It’s a match made in political heaven – evangelical Christians and the Tea Party. Starting in 2010, the two huge conservative flanks started coming together, forming what Christian Broadcasting Network Chief Political correspondent David Brody calls the "Teavangelical" movement. Here are 5 reasons why should care about "Teavangelicals."

CNN: A health care 'Judas' recounts his conversion
When Wendell Potter first saw them, he froze. “It felt like touching an electrical fence,” he says. “I remember tearing up and thinking, how could this be real.” Thousands of them had lined up under a cloudy sky in an open field. Many had camped out the night before. When their turns came, doctors treated them in animal stalls and on gurneys placed on rain-soaked sidewalks.

FULL POST

- CNN's Laura Koran

Filed under: Uncategorized

5 Reasons ‘Teavangelicals’ matter
The cover of the new book "Teavangelicals." by the Christian Broadcasting Network's David Brody.
June 27th, 2012
04:05 PM ET

5 Reasons ‘Teavangelicals’ matter

By Eric Marrapodi, CNN Belief Blog Co-Editor

(CNN) — It’s a match made in political heaven - evangelical Christians and the Tea Party. Starting in 2010, the two huge conservative flanks started coming together, forming what Christian Broadcasting Network Chief Political correspondent David Brody calls the "Teavangelical" movement.

Sure, the Tea Party was supposed to be all about money matters, its name an acronym for "taxed enough already." The conventional wisdom was that the group didn’t care much about social issues like gay marriage and abortion – those were the province of evangelicals.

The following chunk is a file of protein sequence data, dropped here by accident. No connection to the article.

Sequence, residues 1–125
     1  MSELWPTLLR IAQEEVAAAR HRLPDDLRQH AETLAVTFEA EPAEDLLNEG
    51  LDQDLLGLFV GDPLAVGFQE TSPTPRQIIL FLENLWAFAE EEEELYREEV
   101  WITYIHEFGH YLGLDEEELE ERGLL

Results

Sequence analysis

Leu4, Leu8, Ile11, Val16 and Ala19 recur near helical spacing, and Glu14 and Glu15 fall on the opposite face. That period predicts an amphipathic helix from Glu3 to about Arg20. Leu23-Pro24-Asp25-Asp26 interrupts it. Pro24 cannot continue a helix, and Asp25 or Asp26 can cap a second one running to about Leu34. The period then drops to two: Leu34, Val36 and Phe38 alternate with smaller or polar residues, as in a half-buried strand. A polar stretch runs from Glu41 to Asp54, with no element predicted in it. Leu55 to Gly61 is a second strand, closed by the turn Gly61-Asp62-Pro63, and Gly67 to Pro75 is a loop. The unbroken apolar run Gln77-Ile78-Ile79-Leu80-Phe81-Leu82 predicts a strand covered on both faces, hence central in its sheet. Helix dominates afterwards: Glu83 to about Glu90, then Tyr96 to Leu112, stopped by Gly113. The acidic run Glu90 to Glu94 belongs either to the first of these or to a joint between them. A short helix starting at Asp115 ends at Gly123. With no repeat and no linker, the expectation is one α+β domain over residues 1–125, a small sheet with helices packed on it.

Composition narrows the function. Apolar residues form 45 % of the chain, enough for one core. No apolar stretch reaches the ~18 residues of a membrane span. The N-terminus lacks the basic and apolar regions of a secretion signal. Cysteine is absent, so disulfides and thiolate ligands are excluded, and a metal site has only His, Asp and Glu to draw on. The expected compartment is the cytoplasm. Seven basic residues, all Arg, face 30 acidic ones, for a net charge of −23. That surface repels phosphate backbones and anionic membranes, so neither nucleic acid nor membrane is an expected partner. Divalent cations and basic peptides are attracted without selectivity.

But it turns out that the two groups overlap – a lot. That was one of the takeways from a Wednesday National Press Club panel I sat on that was tied the release of Brody’s new book, “The Teavangelicals: The Inside Story of How the Evangelicals and the Tea Party are Taking Back America.”

Here are 5 reasons why should care about "Teavangelicals":

FULL POST

- CNN Belief Blog Co-Editor

Filed under: Politics

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About this blog

The CNN Belief Blog covers the faith angles of the day's biggest stories, from breaking news to politics to entertainment, fostering a global conversation about the role of religion and belief in readers' lives. It's edited by CNN's Daniel Burke with contributions from Eric Marrapodi and CNN's worldwide news gathering team.